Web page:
Lyric Opera Posters

By Ogilvy, Chicago, USA

For Lyric Opera of Chicago

Highly Commended in category Design & Branding

In subcategory Craft - Illustration for Design

Project Description
Lyric Opera of Chicago believe that opera is a living, breathing art form, not just a museum curiosity. But today you can’t browse any music blog or arts news section without stumbling upon articles on the slow, inescapable death of opera citing sagging ticket sales, shorter seasons, aging funders, etc. In recent years, also the Lyric Opera, which until 2008 had always had sold-out seasons, has started to encounter problems in renewing its audiences and subsequently to struggle in order to keep its high-standard productions.
Personal taste aside, everybody agrees on the fact that Opera addresses the most primal human emotions. It attempts to shed light on love, hate, lust, despair, greed, fear, etc. These are universal feelings; therefore they are timeless. They don’t rely on the setting of an opera and they find themselves just as poignant and powerful today as in the 16th century. For this reason only, opera is still alive. We needed to highlight this “all too human” core of opera and we needed to do it in a different, more compelling, and contemporary way. We created content that told all facts and figures of Opera, and provided our prospect with a large set of tools to not be intimidated by their first experience and to better understand any aspect of the opera art form.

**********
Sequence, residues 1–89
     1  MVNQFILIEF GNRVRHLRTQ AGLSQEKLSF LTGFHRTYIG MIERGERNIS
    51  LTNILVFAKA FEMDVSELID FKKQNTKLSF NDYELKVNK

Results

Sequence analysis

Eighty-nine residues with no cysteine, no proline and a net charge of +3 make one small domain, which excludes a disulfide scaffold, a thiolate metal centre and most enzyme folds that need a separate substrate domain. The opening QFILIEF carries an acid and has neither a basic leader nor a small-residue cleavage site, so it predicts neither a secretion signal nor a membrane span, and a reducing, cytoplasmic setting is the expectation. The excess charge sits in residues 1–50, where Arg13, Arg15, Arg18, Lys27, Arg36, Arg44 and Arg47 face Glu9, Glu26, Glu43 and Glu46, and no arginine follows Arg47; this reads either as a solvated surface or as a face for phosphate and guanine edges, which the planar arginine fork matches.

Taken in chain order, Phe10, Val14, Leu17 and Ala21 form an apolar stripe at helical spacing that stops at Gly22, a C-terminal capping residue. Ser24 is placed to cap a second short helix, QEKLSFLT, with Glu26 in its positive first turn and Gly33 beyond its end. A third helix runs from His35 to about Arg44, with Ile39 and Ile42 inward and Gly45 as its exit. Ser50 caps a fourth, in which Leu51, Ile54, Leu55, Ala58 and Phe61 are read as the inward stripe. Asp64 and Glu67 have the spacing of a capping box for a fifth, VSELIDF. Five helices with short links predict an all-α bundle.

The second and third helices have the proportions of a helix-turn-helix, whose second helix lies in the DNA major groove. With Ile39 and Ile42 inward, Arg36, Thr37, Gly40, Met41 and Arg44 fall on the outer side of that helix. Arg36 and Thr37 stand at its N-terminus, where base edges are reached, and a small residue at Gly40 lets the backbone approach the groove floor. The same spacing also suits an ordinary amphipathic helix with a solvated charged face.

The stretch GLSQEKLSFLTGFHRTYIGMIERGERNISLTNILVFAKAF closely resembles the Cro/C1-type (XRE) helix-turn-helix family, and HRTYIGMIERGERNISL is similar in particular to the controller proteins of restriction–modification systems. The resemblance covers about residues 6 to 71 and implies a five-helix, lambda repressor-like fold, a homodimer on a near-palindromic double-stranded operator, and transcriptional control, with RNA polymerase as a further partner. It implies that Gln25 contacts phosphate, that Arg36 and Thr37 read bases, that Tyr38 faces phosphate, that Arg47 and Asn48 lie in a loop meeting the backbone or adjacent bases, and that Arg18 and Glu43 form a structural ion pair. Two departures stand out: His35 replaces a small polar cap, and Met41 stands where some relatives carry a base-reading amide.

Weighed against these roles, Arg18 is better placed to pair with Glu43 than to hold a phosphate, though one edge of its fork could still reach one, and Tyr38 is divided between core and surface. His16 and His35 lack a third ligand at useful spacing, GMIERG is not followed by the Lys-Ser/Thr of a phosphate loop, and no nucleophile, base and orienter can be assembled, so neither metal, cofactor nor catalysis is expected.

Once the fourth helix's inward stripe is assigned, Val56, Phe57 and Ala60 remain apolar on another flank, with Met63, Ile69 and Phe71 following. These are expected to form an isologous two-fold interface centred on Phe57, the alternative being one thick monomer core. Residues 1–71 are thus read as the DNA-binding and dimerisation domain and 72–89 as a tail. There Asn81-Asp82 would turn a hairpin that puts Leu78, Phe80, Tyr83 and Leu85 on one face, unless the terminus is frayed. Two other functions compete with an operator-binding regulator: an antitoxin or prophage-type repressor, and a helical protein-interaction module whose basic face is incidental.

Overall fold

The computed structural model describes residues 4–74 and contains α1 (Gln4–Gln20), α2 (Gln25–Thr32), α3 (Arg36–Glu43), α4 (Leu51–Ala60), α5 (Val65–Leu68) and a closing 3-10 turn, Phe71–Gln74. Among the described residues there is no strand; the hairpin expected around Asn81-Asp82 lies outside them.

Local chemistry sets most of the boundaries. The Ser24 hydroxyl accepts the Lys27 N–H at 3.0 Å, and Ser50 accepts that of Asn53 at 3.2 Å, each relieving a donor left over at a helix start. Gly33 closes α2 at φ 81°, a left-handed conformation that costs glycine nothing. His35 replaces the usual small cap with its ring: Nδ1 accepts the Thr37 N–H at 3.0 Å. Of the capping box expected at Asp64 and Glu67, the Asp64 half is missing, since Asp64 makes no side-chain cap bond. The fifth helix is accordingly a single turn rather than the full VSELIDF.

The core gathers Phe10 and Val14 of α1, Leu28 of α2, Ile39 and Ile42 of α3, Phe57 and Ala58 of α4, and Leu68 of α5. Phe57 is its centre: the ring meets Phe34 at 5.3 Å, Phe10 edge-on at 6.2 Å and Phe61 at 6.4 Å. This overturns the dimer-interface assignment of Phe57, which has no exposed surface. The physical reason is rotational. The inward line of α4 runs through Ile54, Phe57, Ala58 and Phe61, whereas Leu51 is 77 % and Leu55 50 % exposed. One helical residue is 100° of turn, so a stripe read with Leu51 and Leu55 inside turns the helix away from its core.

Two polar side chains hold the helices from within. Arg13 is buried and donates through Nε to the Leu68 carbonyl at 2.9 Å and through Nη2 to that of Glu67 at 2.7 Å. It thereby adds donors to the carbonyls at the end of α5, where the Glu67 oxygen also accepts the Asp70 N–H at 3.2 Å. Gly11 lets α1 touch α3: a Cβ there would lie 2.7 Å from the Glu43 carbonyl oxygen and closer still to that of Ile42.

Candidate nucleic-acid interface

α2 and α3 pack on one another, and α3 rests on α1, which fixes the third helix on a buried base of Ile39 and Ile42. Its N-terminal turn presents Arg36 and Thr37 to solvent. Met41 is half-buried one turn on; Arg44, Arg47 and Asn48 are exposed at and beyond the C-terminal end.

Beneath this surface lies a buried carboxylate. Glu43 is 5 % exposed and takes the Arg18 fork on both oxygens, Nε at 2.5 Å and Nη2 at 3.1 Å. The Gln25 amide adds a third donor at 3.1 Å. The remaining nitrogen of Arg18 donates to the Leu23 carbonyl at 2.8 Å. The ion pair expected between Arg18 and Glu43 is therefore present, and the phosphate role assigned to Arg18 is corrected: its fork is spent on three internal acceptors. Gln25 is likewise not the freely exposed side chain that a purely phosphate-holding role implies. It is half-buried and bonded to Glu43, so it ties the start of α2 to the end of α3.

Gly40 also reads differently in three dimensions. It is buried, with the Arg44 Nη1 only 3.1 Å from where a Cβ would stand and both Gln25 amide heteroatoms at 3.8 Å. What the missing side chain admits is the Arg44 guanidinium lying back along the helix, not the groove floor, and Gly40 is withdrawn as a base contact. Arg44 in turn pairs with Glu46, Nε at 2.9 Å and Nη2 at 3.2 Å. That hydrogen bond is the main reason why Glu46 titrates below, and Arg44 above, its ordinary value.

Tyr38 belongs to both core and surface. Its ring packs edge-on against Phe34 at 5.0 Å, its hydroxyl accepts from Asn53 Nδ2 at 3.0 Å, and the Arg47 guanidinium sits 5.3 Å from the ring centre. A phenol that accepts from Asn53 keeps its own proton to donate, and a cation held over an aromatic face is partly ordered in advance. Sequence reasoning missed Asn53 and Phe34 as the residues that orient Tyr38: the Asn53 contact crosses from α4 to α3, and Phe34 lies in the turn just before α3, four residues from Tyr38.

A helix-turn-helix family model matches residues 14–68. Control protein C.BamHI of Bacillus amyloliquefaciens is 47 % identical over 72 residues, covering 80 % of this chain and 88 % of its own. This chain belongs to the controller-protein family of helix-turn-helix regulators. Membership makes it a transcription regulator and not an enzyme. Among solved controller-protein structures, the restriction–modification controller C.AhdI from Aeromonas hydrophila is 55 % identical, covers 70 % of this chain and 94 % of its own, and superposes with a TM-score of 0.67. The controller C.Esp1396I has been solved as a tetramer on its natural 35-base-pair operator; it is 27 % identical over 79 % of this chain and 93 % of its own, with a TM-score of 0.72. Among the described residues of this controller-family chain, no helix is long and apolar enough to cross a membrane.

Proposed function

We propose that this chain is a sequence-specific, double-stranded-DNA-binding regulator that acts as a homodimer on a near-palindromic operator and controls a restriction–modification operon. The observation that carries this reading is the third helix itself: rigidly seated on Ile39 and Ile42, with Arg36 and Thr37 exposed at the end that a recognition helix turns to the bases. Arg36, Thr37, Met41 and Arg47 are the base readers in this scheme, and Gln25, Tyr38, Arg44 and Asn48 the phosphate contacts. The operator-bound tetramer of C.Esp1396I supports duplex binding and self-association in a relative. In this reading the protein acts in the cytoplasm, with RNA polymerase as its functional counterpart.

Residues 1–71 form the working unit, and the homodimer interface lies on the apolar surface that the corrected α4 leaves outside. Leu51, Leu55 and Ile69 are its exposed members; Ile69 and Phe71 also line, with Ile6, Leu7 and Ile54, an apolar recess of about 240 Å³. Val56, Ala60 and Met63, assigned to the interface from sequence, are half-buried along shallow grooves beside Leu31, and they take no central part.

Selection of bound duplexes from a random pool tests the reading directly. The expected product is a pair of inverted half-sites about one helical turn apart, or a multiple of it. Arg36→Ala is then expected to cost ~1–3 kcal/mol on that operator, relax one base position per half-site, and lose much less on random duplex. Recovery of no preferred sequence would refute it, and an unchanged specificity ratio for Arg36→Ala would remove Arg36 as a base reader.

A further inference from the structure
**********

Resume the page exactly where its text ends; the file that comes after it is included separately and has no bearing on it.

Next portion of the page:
Agency Solution
We partnered with world-renowned American Illustrator Mark Summers – he contributed work for Rolling Stone, Newsweek, The New Yorker, and Sports Illustrated, among others - to create smart, thought provoking visual solutions. We used symbols and metaphors from the Opera imagery and re-interpreted them with a twist and in a contemporary style to create visual intrigue, tension and juxtaposition. The illustrator worked using traditional scratchboard. Sketches were transferred to the board where he used a real knife to engrave white lines into the black surface. Each drawing took approximately 20 hours to produce and no computer or digital program was used.
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